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The Cold War Meets Commerce: The House(s) in the Middle

The following is a guest post by Kelly Chisholm, a Processing Technician in the Moving Image Section.

Back in December, I posted an entry about three versions of a film I found in the J. Fred MacDonald Collection; today, I return with a story about another film from that collection to illustrate a little more about what some of us here in the Moving Image Section do on a day-to-day basis. It involves The House in the Middle, a ludicrous (in hindsight) Cold War film about how tidy, freshly painted houses were more likely to survive a nuclear firestorm than those in disrepair; the film was named to the National Film Registry in 2001. But as it turns out, there are two versions of The House in the Middle, requiring a lot more research than a typical title before we could fully process them.

Currently, two co-workers and I are working our way through a more complicated portion of the MacDonald Collection, trying to solve mysteries of unidentified films and clear up discrepancies. We have a custom database designed for MacDonald processing, and my colleague Jami Judge-Almeida noted something unusual when she came across copies of The House in the Middle that didn’t match. One version was copyrighted by National Clean Up – Paint Up – Fix Up Bureau and was in color, but the other was credited to the Federal Civil Defense Administration and was in black-and-white. Here’s the original entry in the database with Jami’s request that the films be compared.

One of the first things I do when resolving these discrepancies is check online for copies of the title in question. The House in the Middle was easy to find. I watched a copy of the film on The Internet Archive, noting it was the color version and had the National Clean Up – Paint Up – Fix Up Bureau credits. It’s this color version that was named to the Registry, by the way.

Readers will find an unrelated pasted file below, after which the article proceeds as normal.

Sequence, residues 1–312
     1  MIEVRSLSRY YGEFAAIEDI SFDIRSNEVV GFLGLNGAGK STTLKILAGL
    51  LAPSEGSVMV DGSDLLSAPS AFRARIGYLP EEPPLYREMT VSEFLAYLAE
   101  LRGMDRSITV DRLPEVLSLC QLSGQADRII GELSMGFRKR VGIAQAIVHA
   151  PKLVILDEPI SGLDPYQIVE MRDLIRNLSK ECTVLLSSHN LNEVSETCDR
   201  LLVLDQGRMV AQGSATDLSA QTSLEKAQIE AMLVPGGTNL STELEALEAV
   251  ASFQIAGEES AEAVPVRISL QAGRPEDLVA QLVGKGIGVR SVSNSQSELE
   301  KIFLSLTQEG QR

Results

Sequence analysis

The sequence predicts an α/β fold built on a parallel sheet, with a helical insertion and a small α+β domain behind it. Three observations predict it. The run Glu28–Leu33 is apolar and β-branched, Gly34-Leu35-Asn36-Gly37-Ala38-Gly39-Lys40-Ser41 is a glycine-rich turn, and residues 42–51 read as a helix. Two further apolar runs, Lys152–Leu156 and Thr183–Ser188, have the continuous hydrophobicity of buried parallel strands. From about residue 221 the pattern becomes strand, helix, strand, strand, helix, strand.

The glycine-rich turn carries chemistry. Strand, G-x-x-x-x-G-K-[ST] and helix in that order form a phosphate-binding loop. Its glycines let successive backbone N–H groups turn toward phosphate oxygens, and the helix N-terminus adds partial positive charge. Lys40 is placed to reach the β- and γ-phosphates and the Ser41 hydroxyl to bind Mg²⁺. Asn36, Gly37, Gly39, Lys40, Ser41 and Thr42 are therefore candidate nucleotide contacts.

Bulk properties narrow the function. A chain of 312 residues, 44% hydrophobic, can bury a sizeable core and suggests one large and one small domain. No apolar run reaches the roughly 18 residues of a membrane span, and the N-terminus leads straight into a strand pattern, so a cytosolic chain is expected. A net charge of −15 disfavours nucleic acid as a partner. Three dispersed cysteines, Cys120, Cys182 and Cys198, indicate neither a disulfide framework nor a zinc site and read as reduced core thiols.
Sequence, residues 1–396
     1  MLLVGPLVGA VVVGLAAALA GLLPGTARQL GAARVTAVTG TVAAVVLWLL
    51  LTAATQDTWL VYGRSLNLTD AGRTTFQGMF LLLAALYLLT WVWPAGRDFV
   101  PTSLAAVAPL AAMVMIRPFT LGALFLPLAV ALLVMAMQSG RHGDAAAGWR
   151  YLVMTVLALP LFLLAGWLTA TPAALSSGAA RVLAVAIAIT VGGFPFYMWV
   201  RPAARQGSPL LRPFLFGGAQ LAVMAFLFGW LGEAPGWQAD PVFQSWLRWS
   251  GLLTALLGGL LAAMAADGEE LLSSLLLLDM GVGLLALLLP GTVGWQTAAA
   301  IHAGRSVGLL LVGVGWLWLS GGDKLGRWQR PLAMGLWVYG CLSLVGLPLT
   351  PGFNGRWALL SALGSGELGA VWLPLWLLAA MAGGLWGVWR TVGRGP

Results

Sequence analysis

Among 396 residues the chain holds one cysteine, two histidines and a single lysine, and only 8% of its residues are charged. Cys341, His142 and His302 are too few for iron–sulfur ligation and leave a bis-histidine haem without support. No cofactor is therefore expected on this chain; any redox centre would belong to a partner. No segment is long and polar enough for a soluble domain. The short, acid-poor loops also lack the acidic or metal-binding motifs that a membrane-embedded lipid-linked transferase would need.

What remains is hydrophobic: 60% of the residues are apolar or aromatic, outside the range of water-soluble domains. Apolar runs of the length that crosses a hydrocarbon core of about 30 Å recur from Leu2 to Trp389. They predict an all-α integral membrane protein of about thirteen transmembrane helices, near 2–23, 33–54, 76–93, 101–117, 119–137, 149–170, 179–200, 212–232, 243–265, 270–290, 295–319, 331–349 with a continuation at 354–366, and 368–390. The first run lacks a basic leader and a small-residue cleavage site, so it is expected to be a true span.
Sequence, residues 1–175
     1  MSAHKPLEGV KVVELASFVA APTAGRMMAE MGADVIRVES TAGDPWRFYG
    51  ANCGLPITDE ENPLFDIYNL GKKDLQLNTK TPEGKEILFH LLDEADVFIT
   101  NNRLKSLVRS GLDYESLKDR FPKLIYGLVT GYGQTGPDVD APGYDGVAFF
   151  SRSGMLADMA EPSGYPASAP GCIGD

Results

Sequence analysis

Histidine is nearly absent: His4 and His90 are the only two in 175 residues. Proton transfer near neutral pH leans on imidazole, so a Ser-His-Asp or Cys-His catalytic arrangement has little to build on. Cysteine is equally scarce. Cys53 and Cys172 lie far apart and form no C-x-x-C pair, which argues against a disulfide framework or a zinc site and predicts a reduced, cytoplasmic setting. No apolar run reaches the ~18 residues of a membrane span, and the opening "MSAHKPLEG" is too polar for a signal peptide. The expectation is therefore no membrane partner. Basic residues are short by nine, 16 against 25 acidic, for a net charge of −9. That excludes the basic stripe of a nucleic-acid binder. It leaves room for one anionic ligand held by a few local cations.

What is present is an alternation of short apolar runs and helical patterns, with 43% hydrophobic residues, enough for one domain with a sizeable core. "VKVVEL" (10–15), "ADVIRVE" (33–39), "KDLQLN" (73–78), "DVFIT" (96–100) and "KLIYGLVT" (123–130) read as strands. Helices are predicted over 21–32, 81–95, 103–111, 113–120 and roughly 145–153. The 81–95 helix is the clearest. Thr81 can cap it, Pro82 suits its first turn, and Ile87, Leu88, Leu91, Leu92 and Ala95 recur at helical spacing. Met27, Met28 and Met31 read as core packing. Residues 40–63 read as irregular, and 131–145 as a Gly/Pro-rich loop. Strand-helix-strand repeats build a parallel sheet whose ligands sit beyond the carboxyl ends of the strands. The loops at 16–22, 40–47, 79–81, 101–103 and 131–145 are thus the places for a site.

I wound through the other copy to see if I could find the same credits; but as Jami noted in the database, this new copy was black-and-white and had no mention of theNational Clean Up – Paint Up – Fix Up Bureau in the credits sequence; indeed, it had a totally different credits sequence. This appeared to be a different film! At that point, I decided to watch the black-and-white version on one of our flatbed viewers to see just how similar it was to the color version. Was the audio in the two films the same? Could I tell if they were using similar footage? When I watched my mystery copy, I could see and hear that the content was certainly similar and the nuclear test footage used looked to be the same, but the script for the narration was different and the set on which the narrator was filmed was different. The color version was also several minutes longer than my black-and-white version.

HouseMiddle_color

The House in the Middle (National Clean Up – Paint Up – Fix Up Bureau, 1954). This is the version named to the National Film Registry.

HouseMiddle_bw

The House in the Middle (Federal Civil Defense Administration, 1953). This is the original version.

 

 

 

 

 

 

 

 

 

After checking our most frequent resources we use to help identify educational and government films (The Educational Film & Video Locator and The Field Guide to Sponsored Films) and not coming up with much on the black-and-white version, I started doing web searches on things like “atomic testing footage shown on TV in the 1950s.” I went to a site called Atomic Theater that featured a timeline of atomic testing-related films, and found a mention that two films were released under the title The House in the Middle – the first in the fall of 1953, and a longer version in 1954. It all started to make sense: we had a black-and-white film of nuclear bomb testing and its effect on traditional houses, and a longer, more elaborate color film on the same subject. Curious about where this website’s information came from, I contacted the person who created the site, Jacob Hughes.